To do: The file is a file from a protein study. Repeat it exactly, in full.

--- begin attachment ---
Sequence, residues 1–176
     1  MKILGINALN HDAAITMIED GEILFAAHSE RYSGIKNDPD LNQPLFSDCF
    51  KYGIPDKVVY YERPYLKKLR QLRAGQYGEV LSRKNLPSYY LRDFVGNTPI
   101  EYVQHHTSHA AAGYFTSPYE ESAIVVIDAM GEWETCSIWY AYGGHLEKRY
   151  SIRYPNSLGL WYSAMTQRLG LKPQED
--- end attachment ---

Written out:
Sequence, residues 1–176
     1  MKILGINALN HDAAITMIED GEILFAAHSE RYSGIKNDPD LNQPLFSDCF
    51  KYGIPDKVVY YERPYLKKLR QLRAGQYGEV LSRKNLPSYY LRDFVGNTPI
   101  EYVQHHTSHA AAGYFTSPYE ESAIVVIDAM GEWETCSIWY AYGGHLEKRY
   151  SIRYPNSLGL WYSAMTQRLG LKPQED